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Congress leaps into war debate
Republicans and Democrats provided a preview of the run-up to November's elections.
WASHINGTON -- Republicans painted Democrats as quitters who advocate a cut-and-run strategy in Iraq. Democrats derided Republicans as foot soldiers for President Bush who refuse to challenge him.
It's not the post-Labor Day congressional campaign season just yet. But you wouldn't know that from divisive election-year debates on Iraq that consumed Congress on Thursday.
"The Republican Congress sat and watched the administration make mistake after mistake after mistake," said Rep. Rahm Emanuel, D-Ill.
In turn, Rep. Charles Norwood, R-Ga., attacked war critics as defeatists who do not deserve re-election. "Many, not all, on the other side of the aisle lack the will to win," he said.
Across Capitol Hill, Republicans and Democrats alike provided a preview of potential strategies for discussing the 3-year-old conflict in the run-up to November's midterm elections.
As the U.S. death toll in Iraq reached 2,500, the Senate soundly rejected a call to withdraw combat troops by year's end, and House Republicans laid the groundwork for their own vote.
In a move Democrats criticized as gamesmanship, Senate Republicans brought up the withdrawal measure and quickly dispatched it -- for now -- on a 93-6 vote.
The proposal would have allowed "only forces that are critical to completing the mission of standing up Iraqi security forces" to remain in Iraq in 2007.
In a daylong House debate, Republicans defended the Iraq war as a key part of the global fight against terrorism while Democrats assailed President Bush's war policies and called for a new direction in the conflict.
"When our freedom is challenged, Americans do not run," House Speaker Dennis Hastert, R-Ill., said in remarks laden with references to the Sept. 11, 2001, terrorist attacks.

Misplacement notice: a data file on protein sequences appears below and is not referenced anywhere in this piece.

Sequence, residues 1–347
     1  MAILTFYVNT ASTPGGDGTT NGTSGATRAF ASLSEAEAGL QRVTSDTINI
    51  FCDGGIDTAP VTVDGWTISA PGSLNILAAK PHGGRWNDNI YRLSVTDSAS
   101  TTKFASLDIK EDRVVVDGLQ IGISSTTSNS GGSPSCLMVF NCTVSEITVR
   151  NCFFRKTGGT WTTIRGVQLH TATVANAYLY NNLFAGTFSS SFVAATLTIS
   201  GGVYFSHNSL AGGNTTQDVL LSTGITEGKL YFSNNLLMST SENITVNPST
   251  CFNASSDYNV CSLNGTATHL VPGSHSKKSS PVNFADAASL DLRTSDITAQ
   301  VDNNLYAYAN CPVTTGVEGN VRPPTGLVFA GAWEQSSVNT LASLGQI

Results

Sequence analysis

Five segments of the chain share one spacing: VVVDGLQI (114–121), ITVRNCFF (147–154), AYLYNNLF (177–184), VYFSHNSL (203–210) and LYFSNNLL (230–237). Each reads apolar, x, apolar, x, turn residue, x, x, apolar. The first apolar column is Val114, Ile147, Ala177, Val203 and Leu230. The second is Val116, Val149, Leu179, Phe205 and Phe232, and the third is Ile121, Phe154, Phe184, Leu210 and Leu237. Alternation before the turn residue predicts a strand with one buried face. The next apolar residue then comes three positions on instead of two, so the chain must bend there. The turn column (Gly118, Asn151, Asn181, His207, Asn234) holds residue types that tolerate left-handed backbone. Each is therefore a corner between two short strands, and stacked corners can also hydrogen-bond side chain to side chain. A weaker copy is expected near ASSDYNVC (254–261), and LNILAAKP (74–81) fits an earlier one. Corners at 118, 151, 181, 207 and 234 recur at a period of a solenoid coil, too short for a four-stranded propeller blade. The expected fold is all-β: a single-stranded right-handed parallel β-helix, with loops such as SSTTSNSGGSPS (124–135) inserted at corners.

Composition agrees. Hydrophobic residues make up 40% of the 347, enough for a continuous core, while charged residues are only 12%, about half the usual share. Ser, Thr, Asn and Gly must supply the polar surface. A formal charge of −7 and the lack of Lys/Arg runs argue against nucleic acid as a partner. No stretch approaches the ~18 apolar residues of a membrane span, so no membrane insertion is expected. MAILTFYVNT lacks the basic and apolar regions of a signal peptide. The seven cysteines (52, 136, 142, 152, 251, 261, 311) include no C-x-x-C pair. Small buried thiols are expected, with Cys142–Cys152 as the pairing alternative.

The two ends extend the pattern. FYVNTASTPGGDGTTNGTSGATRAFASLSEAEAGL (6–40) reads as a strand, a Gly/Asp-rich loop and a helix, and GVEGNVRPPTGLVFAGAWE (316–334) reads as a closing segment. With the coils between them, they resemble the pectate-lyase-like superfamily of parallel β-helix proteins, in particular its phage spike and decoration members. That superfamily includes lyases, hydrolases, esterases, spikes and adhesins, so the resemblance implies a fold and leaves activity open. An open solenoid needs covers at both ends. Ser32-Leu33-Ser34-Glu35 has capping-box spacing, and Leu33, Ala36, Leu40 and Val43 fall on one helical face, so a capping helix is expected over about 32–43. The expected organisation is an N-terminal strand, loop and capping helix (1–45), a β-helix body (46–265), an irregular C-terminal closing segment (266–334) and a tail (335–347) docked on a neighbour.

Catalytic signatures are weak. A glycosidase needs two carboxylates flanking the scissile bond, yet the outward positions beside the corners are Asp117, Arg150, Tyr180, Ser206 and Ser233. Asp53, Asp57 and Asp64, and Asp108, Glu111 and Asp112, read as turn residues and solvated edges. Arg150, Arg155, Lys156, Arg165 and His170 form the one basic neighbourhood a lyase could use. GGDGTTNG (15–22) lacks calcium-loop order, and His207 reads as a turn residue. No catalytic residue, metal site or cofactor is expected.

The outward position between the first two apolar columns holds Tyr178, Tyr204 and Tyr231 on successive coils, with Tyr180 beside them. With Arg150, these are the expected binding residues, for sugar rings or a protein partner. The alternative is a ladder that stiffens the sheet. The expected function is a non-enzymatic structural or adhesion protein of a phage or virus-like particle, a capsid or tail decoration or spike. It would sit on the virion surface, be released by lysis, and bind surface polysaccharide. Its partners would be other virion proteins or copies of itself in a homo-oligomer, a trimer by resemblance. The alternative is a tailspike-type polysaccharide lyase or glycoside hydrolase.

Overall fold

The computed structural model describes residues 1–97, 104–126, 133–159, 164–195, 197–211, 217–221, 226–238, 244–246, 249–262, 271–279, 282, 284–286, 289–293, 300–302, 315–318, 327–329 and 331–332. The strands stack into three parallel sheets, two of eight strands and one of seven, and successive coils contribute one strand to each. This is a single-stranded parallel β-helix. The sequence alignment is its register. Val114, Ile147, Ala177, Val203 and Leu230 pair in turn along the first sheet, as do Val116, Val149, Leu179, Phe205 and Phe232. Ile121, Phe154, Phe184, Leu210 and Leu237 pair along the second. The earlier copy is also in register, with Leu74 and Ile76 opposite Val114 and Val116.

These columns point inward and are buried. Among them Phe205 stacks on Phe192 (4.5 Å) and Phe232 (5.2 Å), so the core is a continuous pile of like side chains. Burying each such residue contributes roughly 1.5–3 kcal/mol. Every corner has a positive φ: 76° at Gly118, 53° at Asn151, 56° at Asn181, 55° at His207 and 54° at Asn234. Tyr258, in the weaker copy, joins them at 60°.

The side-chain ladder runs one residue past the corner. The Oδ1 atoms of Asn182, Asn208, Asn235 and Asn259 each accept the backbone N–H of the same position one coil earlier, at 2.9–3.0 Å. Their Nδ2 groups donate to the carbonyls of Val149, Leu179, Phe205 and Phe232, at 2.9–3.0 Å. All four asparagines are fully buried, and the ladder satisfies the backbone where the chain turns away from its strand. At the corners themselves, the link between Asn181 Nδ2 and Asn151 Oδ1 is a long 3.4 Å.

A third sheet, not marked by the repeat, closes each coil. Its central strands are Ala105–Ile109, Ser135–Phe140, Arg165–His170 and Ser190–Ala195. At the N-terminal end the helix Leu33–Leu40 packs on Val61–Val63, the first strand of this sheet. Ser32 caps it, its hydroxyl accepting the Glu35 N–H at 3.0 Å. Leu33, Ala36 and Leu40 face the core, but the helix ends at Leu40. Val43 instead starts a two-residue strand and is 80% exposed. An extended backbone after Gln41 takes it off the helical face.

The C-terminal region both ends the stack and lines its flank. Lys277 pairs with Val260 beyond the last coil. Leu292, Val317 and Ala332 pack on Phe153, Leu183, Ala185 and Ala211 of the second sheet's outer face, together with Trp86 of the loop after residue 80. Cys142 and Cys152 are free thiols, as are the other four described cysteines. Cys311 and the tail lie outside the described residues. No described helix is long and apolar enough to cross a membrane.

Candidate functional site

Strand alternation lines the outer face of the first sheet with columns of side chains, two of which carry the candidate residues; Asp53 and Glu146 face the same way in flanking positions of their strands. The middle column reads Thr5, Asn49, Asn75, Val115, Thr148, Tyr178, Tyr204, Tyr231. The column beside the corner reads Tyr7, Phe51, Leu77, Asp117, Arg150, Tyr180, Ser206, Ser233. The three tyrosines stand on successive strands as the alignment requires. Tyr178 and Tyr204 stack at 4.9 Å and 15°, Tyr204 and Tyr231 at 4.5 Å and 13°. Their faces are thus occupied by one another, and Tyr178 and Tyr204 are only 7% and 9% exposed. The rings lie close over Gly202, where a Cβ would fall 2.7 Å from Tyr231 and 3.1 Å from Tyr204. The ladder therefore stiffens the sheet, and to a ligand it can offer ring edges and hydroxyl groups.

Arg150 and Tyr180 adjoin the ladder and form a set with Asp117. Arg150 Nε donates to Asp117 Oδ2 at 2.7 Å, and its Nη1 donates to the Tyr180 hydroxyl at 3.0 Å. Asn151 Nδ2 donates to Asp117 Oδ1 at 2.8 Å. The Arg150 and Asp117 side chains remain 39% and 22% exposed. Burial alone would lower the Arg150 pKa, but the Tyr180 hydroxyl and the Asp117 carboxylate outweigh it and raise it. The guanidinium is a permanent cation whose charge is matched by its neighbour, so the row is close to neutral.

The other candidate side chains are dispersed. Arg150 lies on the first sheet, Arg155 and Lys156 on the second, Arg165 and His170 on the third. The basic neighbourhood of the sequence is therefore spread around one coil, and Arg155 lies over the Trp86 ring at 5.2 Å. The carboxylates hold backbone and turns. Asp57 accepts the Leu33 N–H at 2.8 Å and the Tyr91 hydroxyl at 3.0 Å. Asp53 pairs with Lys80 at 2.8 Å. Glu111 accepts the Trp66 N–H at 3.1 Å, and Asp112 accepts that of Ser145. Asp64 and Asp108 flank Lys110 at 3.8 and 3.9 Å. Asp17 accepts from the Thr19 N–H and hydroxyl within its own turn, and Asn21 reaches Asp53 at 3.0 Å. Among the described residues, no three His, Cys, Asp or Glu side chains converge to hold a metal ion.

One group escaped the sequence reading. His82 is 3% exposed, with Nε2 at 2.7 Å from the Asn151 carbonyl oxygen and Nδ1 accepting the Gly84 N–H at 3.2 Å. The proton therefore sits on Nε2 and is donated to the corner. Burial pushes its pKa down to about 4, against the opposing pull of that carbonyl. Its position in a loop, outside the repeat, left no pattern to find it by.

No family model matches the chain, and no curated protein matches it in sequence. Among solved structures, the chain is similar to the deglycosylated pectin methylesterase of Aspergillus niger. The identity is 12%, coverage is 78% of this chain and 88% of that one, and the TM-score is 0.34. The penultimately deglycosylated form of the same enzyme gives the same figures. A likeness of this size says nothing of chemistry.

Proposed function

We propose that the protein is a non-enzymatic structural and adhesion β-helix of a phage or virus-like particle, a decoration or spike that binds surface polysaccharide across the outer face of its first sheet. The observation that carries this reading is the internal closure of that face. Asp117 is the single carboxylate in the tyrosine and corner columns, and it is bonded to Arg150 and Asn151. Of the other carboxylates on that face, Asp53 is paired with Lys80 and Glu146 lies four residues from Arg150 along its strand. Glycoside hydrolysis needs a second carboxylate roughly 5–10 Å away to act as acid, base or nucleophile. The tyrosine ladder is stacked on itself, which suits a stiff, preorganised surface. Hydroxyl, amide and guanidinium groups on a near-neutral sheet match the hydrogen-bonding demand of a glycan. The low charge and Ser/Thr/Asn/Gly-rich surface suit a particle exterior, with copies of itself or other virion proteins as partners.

"This is a war that is a grotesque mistake," countered House Democratic leader Nancy Pelosi of California. She called for a fresh strategy -- "one that will make us safer, strengthen our military, and restore our reputation in the world."
Republicans moved toward a vote on a resolution to reject any timetable for withdrawing U.S. forces.
Congress roared into debate on the three-year conflict four months before midterm elections that will decide the control of both the House and Senate -- and as Bush was trying to rebuild waning public support for the conflict.
The administration was so determined to get its message out that the Pentagon distributed a highly unusual 74-page "debate prep book" filled with ready-made answers for criticism of the war.
"We cannot cut and run," the Pentagon battle plan says at one point, anticipating Democratic calls for a troop withdrawal on a fixed timetable.
As the debates got underway, the Senate sent the president an additional $66 billion for military operations in Iraq and Afghanistan -- legislation Bush promptly signed -- while the Pentagon announced the U.S. death toll for the war had reached 2,500.
"It's a number," White House press secretary Tony Snow said of the grim milestone. He said that Bush "feels very deeply the pain that the families feel."